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Doing Business in the United States: What Foreign Company Owners Need to Know

If you are a foreign citizen ready to jump through hoops to start a business or expand on American soil, you must be wondering how complicated the process is and what tax issues you will face. There is also a myriad of other factors to consider, including differences in language and business practices. By establishing their operations in the U.S., companies owned by foreign nationals can, however, seize major business opportunities in the country with the largest economy in the world.

Here’s what you need to know if you are about to access the United States marketplace, which has proven to be the key to success for many companies around the globe.

You don’t have to be a U.S. resident to set up a US-based business

Non-American citizens are welcome to establish a business in the States and don’t even have to have a green card. To incorporate a business in the U.S., you don’t need a U.S. address or citizenship. Setting up a company as a non-resident is similar to the procedure required for a U.S.-born business owner.

Gain understanding of the United States legal system

The process of forming a corporation or company in the United States varies from state-to-state but generally speaking, to form or register your business entity, you have to file the required application documents and obtain the necessary permits and/or licenses.

Where the company will be doing business matters. Regardless of whether you are a foreign national or an American citizen, when you are doing business in the States, you are subject to parallel systems of laws made at the national, state, and local levels.

There are areas of law exclusively governed by federal law, while other areas are primarily set by individual states. Each state has their own set of state and local laws, including those that apply to sales transactions, contracts, and employment relationships. Many other areas of law are regulated by both state and federal law. It’s always best to consult with private legal counsel before submitting the application to avoid errors and increase your knowledge of the business world in the United States.

Choose the type of business entity

Will your business be a limited liability company (LLC), a corporation or a partnership? Each type of business entity has its own merits and demerits and needs to be formed in compliance with the laws of the U.S. state in which the entity is to be registered.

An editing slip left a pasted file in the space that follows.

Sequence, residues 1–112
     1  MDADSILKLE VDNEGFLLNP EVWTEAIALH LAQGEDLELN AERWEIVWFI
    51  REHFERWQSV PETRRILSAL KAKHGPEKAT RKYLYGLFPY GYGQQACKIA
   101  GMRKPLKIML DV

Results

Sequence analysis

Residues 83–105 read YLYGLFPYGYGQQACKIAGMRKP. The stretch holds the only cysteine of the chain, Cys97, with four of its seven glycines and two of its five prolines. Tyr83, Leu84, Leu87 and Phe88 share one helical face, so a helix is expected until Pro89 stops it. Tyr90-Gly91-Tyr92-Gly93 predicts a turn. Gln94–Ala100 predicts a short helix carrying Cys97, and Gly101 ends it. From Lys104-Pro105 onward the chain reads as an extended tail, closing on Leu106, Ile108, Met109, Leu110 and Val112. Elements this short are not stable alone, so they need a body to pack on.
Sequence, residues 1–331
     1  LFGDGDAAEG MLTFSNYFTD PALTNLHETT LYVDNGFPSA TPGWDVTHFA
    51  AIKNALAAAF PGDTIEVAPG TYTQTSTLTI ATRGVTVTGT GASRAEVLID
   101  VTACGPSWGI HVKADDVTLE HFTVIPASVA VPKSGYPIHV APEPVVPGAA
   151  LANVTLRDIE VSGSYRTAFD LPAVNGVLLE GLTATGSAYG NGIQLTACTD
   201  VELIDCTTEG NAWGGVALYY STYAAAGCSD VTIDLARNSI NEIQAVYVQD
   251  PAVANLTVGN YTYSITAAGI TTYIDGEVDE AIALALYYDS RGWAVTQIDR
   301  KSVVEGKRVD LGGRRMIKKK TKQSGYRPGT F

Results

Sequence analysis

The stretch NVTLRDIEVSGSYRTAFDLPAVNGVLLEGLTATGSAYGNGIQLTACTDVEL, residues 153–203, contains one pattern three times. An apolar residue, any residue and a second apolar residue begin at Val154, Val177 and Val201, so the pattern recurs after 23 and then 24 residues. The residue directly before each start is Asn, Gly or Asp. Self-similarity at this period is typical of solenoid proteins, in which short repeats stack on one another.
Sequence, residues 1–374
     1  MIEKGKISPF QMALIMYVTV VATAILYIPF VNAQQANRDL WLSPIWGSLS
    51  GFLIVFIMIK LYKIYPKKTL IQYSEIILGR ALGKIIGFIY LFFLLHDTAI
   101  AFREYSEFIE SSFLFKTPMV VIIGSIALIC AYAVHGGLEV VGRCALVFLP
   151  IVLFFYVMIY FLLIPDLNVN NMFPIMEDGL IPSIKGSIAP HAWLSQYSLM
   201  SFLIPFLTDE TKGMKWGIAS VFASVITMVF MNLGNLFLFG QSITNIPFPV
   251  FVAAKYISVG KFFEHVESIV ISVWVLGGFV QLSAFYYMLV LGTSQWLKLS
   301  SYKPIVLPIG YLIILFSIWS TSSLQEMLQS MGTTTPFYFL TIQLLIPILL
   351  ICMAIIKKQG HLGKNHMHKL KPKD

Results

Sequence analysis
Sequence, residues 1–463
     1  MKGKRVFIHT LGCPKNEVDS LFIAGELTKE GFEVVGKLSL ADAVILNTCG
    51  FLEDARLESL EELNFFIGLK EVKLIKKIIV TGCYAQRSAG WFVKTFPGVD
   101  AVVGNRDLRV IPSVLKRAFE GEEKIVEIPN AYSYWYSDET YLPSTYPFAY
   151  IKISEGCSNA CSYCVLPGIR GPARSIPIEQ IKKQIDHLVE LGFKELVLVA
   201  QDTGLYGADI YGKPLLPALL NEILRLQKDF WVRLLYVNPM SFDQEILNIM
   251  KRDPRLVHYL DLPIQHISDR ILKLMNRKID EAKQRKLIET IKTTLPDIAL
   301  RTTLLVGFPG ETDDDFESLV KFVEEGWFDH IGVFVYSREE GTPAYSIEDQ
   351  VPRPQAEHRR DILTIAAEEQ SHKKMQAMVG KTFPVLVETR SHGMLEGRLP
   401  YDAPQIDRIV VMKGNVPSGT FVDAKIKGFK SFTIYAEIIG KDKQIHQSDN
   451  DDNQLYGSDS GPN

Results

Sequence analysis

Only in case of a partnership, organizing documents are not required to be filed with the state government. Although you don’t need a written agreement, it is advised that you formalize the arrangement if you decide to form a partnership.

It’s recommended that you have the help of a team of legal professionals skilled in company formation in the United States to get acquainted with all case-specific business and legal factors before you establish which type of entity matches your needs best.

Immigration: obtain work visas

If you plan to maintain your presence in the United States with offices and foreign employees, keep in mind that all non-US citizens coming to the U.S. to work should obtain the proper type of visa for their stay.

American visa laws are strictly federal, meaning that no individual state provides or regulates visas. Most types of work visas need approval from the US Citizenship and Immigration Services (USCIS). Many business entities seek expert advice from a U.S. immigration attorney to avoid application errors.

Seek legal counsel to address taxation and transfer pricing regulations

Foreign business owners face unique international tax issues that are often crucial to the successful formation of a company. It’s essential that you understand your compliance needs and budget your costs accordingly.

All companies, corporations and partnerships doing business in the U.S. are subject to federal, state and local taxes. The United States has bilateral tax treaties with a number of foreign countries to prevent tax evasion and double taxation, as well as to encourage commerce between countries.

New companies have to obtain an Employer Identification Number (EIN) from the IRS. Only when your business entity is assigned this unique number by the Internal Revenue Service are you able to apply for the appropriate licenses and tax returns, and to open a business bank account.

If you plan to offer services or sell products, before you establish price points, make sure that your business is in accordance with U.S. laws and transfer pricing regulations. Given the complexity of U.S. law, thorough planning and legal counsel is strongly advised to avoid possible penalties and mistakes.